The hated philosopher who wanted to separate religion from science

The hated philosopher who wanted to separate religion from science

Gustavo Bueno’s materialistic philosophy rests, among other things, on two main pillars. One of them is that in order to avoid falling into dogmatism or relativism, Any proposal must be anchored in the bedrock of exact sciences.

He reached similar conclusions, three centuries ago, Baruch Spinoza (Amsterdam, November 24, 1632 – The Hague, February 21, 1677), perhaps the first related philosopher who wanted to completely separate philosophy from religion, encouraging the former to adopt science with greater interest.

A hated philosopher

He is considered one of the three greatest rationalists in seventeenth century philosophy, along with the French René Descartes And German Gottfried LeibnizSpinoza was born in the most free city of the time: Amsterdam.

Spinoza’s library is in the same house, where he lived between 1661 and 1663.

Spinoza was only able to become the foremost philosopher of modernity in an ideologically troubled place like Amsterdam, where even the most non-Orthodox thinkers came to live. Religion had to be separated from politicsAnd one of the early proponents of democracy (although he later believed it was not the only acceptable form of government).

He was also a pioneer in the movement to define belief and superstition in the Bible, conceiving it as a historical document, and proposing this religion You no longer set foot in the kingdom of science.

Benedict de Spinoza

Precisely for this reason, Spinoza would also be one of the most hated philosophers of his time.

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A unique life

Spinoza will be fully influenced by Descartes’ ideas, as well as by his mentor, Frances Van den Enden, Who was also a radical supporter of Cartesian principles. Spinoza entered the Primitive Van den Enden Academy in the mid-1650s.

Spinoza would also be attracted to one of the many sects that gave birth to this new era of nonconformity, namely the Mennonites branch in the Netherlands: a sect known as the Collegiants, who were pacifists and believed in withdrawal from society; As shown Russell Shorto In his book Amsterdam:

If we collect the names of some of these sects, anyone who thinks we are reading a list of bands that were called to play at the folk music festival: there were the tremblers, the zealots, the seekers, the equalizers.


Spinoza’s grave in New Kirk (The New Church) in The Hague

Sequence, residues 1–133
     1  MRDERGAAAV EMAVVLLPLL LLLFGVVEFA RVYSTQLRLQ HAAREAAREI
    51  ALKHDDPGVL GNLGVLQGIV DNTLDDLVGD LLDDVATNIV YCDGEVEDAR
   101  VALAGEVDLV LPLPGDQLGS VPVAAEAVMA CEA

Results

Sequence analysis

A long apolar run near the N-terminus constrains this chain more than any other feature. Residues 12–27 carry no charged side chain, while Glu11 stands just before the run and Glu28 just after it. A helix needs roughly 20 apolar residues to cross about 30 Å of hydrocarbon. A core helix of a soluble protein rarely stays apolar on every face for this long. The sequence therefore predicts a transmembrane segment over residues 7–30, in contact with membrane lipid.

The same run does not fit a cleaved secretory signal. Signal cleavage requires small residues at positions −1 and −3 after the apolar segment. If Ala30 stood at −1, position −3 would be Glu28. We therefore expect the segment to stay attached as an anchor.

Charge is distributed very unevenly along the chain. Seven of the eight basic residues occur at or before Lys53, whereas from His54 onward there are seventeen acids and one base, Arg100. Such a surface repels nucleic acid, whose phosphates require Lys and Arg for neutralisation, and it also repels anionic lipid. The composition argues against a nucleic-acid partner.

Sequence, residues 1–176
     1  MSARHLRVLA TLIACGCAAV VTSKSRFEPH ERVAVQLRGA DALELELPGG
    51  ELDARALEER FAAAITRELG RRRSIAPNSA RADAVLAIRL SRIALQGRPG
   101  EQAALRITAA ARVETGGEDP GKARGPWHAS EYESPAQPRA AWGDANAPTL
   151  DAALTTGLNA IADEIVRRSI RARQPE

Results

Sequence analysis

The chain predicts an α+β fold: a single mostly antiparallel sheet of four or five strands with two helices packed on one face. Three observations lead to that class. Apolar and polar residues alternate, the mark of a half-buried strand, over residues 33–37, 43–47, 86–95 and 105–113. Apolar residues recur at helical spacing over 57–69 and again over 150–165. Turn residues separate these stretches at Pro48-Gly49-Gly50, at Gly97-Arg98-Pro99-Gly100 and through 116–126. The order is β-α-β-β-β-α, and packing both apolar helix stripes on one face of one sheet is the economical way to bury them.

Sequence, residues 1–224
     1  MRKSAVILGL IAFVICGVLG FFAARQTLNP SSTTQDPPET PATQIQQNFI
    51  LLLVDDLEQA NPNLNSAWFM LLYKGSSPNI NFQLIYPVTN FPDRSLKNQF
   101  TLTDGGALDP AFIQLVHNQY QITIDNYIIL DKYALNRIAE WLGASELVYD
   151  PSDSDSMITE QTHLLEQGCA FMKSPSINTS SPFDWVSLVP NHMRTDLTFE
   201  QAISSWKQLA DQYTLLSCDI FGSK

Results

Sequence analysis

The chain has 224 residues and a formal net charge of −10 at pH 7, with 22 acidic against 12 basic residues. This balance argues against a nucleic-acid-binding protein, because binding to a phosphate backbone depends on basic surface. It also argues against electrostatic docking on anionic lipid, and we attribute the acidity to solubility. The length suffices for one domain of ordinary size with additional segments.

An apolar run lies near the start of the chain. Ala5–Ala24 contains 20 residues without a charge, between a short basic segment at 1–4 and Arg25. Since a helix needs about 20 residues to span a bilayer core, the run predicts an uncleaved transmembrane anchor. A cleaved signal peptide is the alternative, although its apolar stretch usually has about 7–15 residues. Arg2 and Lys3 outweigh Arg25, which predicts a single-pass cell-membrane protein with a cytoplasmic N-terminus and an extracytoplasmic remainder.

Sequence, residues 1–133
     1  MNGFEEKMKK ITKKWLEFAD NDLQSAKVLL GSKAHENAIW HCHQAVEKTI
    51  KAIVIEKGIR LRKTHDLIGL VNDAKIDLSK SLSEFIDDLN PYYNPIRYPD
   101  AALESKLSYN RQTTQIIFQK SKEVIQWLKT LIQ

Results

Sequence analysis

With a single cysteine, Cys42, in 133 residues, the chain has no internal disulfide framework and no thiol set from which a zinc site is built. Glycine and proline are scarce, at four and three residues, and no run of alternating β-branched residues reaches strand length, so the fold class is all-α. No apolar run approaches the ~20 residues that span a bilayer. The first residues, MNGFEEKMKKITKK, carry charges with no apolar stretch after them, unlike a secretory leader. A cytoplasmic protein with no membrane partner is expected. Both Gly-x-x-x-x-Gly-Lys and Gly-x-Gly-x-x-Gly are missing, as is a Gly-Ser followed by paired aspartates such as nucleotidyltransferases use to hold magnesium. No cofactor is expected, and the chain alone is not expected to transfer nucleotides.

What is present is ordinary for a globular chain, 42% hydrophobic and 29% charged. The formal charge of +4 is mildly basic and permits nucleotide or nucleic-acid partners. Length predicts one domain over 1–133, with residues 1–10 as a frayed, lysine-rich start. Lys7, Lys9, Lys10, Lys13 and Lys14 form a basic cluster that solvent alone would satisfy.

Little by little, Spinoza would forget his father’s business and focus solely on learning philosophy and Direct your interests to cultivate the mind. And he was attacking religion with such fervor that his Jewish community would condemn him to ecclesiastical excommunication: Not for nothing, he attacked his practices and laws as unfriendly as the protest comedian does today.

Spinoza believed in God, but was an atheist for all practical purposes, because his god was not like the god of the rest. When a rabbi asks, in fact Albert Einstein If he believed in God, he replied: “I believe in the God of Spinoza, who reveals himself in the harmony of what is established and governed by laws. I do not believe in a God who deals with luck and human deeds.”

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The main room in the house – it is now preserved as a museum. Its appearance has been reconstructed.

So, it was comforting to be deprived of Spinoza. He said goodbye not only to the community but to his family. In the seventeenth century, everyone necessarily belonged to some official religion. The church or the synagogue were not just places where one attended religious ceremonies, but they formed the same community of people and represented an essential element of identity and legitimacy in the social subject. However, Spinoza is no longer a convert to Christianity or any other religion.

He was harassed for his criticism of religious orthodoxy, and his books were included in the Index of the Banned de la Iglesia Catolica (1679). His work was circulated in secret until great German philosophers in the early nineteenth century claimed it: “Schleiermacher” […] Heigl and Schelling all declared in one voice that Spinoza was the father of modern thought.

But Spinoza was, in fact, just one additional component of the great changes that occurred at the time. The real transformation engine was the ecosystem in which Spinoza would grow. Specifically, Amsterdam. If you want to know why this place is so unique, you can do so in the following video:

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